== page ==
No one has ever adequately described the first few weeks of motherhood. Maternity clothes are a little too big, but regular clothes are like sausage casings. You want desperately to leave the house, but are not exactly sure how to do it or where you would go.
And you try to get back into the swing of things, and yet, you have absolutely no idea where to start.
I'm not exactly clear on when we're supposed to be able to get it "together." As of late, I've lacked any sense of motivation to get out of milk stained bras and t-shirts, and back into "life" - whatever that is these days. I'm still floating in that weird space where I'm pretty close to being immediately post-partum, but far enough from it that I should be inching back in the saddle again, not necessarily because I have someone or something telling me to get with it, but because there are deadlines looming over me. Exciting deadlines. But deadlines just the same.
The laundry piles are overwhelming, thanks to the mysterious dinner-time baby puke fest that's been visiting us these past few evenings along with my unintentional boycott of nursing bra pads. The kids want nothing to do with anyone else but me, with bed time turning into fights for space on my lap, making me want to scoop them up and cry or run away and hide, depending on how I'm feeling that day.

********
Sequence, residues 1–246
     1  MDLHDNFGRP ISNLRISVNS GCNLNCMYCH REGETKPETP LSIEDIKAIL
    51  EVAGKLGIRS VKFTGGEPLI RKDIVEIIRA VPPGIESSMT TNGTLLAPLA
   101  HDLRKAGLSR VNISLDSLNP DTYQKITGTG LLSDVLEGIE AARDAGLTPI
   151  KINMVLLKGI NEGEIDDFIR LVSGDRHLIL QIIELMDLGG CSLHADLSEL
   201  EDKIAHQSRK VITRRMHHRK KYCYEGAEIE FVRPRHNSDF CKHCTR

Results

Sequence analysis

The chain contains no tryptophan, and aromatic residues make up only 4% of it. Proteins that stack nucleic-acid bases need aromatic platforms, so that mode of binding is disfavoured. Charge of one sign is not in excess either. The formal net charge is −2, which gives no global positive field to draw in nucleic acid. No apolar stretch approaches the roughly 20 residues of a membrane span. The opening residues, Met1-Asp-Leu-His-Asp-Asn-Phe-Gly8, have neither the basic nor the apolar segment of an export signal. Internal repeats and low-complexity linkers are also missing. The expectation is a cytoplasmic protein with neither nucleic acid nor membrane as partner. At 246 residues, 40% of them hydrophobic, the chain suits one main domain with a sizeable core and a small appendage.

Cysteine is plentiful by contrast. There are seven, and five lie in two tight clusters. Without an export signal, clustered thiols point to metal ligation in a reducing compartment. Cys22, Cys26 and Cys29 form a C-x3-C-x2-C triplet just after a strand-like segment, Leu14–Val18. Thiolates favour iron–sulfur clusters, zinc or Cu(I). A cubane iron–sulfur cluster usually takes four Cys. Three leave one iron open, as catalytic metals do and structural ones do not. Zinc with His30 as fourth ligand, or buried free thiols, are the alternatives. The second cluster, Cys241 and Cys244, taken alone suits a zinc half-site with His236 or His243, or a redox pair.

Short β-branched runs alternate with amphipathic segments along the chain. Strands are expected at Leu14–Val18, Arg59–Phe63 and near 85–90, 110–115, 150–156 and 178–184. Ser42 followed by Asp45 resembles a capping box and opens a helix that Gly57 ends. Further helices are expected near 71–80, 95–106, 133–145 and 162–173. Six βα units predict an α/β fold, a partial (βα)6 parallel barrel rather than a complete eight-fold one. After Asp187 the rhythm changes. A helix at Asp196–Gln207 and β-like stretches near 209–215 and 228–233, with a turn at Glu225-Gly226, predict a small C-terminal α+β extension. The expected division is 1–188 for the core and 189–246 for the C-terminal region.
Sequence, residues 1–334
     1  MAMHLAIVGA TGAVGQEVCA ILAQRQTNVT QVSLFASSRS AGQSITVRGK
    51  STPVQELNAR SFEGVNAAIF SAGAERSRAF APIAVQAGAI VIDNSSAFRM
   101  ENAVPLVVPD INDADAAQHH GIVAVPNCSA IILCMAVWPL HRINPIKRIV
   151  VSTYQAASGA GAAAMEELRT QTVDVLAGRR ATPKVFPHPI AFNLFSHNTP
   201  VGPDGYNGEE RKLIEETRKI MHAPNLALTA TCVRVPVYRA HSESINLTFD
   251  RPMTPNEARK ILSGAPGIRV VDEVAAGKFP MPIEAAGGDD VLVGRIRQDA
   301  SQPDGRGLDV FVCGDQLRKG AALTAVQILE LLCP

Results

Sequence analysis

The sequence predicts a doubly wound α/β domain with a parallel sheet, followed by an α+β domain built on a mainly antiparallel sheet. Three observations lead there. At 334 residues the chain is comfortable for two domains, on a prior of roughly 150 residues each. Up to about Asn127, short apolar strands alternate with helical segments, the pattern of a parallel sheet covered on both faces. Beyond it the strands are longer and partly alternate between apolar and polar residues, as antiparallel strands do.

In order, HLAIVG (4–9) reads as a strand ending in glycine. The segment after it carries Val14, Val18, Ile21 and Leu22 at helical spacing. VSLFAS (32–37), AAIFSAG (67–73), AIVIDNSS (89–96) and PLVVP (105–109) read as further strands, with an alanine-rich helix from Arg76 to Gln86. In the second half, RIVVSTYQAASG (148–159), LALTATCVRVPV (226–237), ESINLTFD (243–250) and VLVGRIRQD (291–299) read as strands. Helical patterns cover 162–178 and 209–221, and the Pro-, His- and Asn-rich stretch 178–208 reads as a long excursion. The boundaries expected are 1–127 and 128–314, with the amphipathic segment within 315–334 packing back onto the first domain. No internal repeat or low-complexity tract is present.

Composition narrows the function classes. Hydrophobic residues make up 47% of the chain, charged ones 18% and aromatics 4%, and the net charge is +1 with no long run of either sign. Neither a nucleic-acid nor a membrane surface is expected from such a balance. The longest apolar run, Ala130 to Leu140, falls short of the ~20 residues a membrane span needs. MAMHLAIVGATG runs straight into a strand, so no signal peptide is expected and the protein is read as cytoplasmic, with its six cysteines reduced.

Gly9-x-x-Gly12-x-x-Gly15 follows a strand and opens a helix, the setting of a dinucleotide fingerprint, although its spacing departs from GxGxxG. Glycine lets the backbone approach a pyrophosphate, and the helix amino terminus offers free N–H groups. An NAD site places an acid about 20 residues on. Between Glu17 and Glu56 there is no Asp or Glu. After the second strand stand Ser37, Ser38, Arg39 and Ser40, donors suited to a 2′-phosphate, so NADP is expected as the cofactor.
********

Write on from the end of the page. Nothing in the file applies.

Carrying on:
And in the chaos, I long for complete solitude and silence. And in the quiet, still of the night, I long for the frenetic energy of the new day.
These early weeks and months transition us from baby vessel to feeding machine, with little time or space for the woman and person we were or will be. It is survival, not living, in these days. I grab what is clean and what fits to clothe myself, regardless of whether it matches. I eat what I can find, sometimes whatever my kids leave on their plates.
And I sleep with one ear to the ground or the hall, listening for children and babies who might call for me in the middle of the night, never truly rested upon waking.
I can picture the day when my sole existence does not revolve around hungry mouths, stinky diapers, and needy babies - when all the pieces of "me" are again connected in a way that makes me real and alive, and less like a walking apparition.
But for now. For however many days and weeks it takes, I am mother.